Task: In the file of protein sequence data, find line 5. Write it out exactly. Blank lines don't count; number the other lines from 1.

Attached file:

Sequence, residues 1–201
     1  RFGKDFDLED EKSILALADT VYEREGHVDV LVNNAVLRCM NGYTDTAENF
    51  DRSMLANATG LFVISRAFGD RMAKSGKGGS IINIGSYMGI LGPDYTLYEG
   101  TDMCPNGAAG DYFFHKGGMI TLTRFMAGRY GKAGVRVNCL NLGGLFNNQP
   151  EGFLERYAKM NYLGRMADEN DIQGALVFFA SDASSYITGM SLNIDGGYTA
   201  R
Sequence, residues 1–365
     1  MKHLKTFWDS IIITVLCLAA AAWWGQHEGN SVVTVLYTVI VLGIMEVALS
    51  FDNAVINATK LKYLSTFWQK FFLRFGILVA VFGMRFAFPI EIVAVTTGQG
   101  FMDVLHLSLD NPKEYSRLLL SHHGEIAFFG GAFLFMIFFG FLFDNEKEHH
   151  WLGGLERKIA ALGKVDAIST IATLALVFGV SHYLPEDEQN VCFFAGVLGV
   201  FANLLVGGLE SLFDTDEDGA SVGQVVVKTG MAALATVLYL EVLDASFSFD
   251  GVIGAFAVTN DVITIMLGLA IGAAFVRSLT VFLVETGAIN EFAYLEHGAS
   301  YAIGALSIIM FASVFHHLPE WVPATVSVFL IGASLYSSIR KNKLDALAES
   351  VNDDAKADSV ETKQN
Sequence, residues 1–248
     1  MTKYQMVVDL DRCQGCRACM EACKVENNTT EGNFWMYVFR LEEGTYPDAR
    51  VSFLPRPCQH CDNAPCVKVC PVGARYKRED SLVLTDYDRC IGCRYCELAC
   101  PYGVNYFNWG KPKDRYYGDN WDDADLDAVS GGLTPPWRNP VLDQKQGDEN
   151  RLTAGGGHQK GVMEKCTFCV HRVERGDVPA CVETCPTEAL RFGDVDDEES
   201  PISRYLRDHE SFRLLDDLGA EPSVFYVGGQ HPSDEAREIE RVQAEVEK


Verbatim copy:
   151  EGFLERYAKM NYLGRMADEN DIQGALVFFA SDASSYITGM SLNIDGGYTA